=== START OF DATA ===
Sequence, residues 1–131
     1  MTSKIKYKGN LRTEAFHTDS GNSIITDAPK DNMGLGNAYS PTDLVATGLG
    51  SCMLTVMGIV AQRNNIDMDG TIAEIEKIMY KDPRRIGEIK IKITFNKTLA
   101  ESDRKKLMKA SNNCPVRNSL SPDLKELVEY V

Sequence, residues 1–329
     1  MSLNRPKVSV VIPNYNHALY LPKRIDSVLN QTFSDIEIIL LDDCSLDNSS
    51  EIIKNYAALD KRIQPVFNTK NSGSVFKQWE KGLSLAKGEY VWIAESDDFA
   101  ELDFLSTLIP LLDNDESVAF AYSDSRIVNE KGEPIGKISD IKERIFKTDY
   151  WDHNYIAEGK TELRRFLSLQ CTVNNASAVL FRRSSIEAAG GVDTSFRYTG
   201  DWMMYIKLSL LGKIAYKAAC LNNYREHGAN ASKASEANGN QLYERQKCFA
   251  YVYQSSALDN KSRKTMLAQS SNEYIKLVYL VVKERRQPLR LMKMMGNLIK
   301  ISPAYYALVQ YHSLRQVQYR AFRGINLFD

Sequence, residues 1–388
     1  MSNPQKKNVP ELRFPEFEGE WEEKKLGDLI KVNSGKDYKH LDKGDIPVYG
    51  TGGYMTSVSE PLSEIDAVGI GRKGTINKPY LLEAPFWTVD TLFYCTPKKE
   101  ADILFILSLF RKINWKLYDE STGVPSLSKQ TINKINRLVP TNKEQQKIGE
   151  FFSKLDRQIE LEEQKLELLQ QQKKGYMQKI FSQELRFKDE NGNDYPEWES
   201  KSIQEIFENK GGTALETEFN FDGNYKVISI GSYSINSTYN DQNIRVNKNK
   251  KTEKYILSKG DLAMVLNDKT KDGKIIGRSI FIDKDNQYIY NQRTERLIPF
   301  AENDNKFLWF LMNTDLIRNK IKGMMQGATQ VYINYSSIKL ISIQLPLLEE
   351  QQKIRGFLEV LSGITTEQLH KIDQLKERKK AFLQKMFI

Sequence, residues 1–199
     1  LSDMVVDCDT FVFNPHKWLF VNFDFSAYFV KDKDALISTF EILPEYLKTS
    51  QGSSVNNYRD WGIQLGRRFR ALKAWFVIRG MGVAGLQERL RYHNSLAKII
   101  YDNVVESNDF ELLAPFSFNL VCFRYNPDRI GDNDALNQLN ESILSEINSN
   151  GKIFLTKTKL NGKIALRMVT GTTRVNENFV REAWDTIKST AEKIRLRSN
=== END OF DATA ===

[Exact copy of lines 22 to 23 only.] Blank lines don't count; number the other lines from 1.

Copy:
Sequence, residues 1–199
     1  LSDMVVDCDT FVFNPHKWLF VNFDFSAYFV KDKDALISTF EILPEYLKTS